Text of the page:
Organized Panel Session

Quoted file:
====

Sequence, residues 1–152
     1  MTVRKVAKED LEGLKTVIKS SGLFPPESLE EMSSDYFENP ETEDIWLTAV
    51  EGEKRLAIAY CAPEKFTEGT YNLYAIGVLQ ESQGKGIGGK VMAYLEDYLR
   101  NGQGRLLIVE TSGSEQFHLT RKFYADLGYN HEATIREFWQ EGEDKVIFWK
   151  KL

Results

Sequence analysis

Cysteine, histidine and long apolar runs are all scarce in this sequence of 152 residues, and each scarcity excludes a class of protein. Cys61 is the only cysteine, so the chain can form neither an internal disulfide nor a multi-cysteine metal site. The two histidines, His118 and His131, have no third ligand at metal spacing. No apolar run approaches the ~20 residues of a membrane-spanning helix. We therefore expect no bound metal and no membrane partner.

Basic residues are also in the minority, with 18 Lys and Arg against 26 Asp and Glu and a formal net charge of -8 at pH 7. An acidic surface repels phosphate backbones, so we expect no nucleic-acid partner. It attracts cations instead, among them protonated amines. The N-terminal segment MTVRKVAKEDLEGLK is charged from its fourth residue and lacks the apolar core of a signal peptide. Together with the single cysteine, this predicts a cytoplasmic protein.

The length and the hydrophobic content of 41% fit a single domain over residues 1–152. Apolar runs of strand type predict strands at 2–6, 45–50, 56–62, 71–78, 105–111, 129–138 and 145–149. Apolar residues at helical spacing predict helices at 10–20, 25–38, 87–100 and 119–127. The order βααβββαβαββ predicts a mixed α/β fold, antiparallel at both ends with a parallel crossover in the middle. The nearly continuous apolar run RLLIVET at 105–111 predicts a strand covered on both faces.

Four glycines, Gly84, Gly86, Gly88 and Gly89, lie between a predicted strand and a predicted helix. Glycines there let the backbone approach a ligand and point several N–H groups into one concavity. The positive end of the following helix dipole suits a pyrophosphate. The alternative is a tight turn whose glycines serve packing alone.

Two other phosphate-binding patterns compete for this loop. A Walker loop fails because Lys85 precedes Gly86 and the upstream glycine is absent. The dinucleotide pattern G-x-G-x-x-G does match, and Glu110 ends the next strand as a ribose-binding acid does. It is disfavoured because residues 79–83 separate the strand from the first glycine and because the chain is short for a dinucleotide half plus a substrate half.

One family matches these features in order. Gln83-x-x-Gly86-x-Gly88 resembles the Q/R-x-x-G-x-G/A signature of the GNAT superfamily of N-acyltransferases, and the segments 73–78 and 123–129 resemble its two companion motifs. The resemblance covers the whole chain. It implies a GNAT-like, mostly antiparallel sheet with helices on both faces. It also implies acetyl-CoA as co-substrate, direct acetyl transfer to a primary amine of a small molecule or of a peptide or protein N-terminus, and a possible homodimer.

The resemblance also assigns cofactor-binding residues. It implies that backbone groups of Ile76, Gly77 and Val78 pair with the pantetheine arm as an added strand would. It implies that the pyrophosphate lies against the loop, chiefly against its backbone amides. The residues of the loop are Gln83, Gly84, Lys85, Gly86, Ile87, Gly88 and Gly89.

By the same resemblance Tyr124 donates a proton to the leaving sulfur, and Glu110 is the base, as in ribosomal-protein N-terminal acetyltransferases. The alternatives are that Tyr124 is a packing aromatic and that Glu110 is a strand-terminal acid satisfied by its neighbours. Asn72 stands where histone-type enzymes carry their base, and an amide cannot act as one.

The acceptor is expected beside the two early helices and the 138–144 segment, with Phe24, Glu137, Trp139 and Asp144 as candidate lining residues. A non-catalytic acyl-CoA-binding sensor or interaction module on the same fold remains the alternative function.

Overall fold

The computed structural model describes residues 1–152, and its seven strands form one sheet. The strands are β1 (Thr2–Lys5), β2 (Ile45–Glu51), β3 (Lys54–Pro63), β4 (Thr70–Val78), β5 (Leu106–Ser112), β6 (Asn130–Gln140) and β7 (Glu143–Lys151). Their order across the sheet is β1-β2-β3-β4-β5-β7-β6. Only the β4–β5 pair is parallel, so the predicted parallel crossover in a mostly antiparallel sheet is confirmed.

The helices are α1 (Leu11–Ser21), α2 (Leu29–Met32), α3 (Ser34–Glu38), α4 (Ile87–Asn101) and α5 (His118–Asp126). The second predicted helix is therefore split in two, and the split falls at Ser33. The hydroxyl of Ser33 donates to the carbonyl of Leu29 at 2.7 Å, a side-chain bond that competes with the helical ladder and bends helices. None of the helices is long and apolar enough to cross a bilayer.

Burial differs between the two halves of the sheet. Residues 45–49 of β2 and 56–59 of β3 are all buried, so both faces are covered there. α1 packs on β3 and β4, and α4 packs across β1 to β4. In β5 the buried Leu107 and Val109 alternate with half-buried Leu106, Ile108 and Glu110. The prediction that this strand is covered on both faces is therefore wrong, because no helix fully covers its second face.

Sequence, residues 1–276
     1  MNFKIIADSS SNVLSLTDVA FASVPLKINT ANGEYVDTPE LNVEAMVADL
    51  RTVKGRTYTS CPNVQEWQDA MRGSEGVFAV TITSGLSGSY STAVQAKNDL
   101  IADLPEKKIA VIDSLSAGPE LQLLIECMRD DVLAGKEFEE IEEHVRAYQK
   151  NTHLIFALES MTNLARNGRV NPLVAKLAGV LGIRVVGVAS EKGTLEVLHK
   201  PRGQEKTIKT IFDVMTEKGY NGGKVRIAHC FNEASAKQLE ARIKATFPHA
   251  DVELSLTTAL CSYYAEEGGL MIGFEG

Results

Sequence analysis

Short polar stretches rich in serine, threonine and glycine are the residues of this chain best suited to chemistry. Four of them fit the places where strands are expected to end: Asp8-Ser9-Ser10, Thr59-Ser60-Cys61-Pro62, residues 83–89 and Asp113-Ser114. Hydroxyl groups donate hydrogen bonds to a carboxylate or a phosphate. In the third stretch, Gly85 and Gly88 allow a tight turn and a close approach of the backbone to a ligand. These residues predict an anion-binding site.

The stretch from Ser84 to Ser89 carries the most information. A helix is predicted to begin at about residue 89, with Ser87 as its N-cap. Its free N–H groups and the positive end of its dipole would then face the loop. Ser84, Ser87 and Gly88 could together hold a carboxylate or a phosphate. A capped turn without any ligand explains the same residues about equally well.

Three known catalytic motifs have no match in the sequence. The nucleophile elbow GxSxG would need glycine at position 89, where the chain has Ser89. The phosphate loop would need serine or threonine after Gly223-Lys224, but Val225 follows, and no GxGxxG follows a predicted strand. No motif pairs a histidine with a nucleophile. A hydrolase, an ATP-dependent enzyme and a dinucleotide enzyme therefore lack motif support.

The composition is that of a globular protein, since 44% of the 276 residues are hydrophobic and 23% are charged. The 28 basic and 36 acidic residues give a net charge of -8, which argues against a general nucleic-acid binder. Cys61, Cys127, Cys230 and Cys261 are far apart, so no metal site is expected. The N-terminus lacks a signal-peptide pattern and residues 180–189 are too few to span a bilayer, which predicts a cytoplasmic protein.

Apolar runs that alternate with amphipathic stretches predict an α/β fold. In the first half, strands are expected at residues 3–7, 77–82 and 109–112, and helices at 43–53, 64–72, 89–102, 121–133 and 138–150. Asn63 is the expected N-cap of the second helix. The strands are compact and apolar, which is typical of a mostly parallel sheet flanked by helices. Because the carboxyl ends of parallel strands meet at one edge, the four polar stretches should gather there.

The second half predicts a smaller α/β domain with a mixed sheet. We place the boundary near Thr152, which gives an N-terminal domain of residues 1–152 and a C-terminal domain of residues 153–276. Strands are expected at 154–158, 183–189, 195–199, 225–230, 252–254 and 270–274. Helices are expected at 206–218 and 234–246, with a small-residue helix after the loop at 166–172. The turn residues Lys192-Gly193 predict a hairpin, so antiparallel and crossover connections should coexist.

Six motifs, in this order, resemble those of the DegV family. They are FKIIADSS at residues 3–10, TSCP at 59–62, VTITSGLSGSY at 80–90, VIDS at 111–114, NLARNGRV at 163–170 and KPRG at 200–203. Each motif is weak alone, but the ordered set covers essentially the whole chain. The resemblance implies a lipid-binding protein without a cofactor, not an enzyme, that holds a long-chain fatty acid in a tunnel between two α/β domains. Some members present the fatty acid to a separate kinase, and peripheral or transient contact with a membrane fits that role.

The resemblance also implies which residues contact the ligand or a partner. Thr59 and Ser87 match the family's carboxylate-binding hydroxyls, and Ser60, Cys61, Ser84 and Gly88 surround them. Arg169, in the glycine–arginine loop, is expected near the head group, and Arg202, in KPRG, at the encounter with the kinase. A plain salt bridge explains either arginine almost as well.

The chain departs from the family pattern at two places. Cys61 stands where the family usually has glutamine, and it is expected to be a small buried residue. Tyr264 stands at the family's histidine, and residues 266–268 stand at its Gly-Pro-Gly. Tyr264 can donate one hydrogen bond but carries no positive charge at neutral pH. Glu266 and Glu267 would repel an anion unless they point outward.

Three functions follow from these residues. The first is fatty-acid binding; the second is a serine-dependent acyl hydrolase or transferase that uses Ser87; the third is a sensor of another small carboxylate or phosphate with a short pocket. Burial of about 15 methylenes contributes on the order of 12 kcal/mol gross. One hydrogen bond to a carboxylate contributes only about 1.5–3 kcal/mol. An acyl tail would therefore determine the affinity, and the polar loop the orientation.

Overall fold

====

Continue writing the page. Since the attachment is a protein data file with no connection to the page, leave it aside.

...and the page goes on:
This panel explores the development of literary history as an academic discipline from its beginnings in the late nineteenth and early twentieth centuries to the present, with special emphasis on the linguistic, textual, and ideological exclusions that have resulted from historians’ traditional focus on the nation-state as a unit of analysis. Methodologically, the panelists engage two major contemporary trends in East Asian literary studies: first, recent attention to the ways in which the Chinese, Japanese, and Korean literary canons as they have been traditionally constituted might be historicized and expanded to include previously occluded genres, genders, scripts, and individual voices; second, a growing interest in the role of Sinitic literature as a transregional written lingua franca and point of contact between cultures. In contrast to the bounded scope of national literary historiography, the three papers are united by the argument that transregional contact was fundamental to the generation of emergent concepts of canon, authorship, and literary community in early modern and modern East Asia. By exploring the transmission and reception of Sinitic literary texts in contexts ranging from late imperial Chinese popular culture to Meiji-period Japanese academia to contemporary Korean media, the presenters offer new perspectives on the processes of periodization, authorship, and anthologization that have served as conceptual anchors for East Asian literary studies during the past century and a half.